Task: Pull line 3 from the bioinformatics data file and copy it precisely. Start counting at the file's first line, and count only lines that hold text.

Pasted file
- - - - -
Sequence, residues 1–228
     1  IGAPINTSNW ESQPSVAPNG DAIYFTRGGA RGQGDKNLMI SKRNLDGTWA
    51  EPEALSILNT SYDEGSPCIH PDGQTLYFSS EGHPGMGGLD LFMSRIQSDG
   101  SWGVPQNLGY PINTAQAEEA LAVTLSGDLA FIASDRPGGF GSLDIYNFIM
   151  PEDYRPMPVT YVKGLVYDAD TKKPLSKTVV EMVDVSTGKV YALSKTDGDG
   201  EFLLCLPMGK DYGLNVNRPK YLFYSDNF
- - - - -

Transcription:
    51  EPEALSILNT SYDEGSPCIH PDGQTLYFSS EGHPGMGGLD LFMSRIQSDG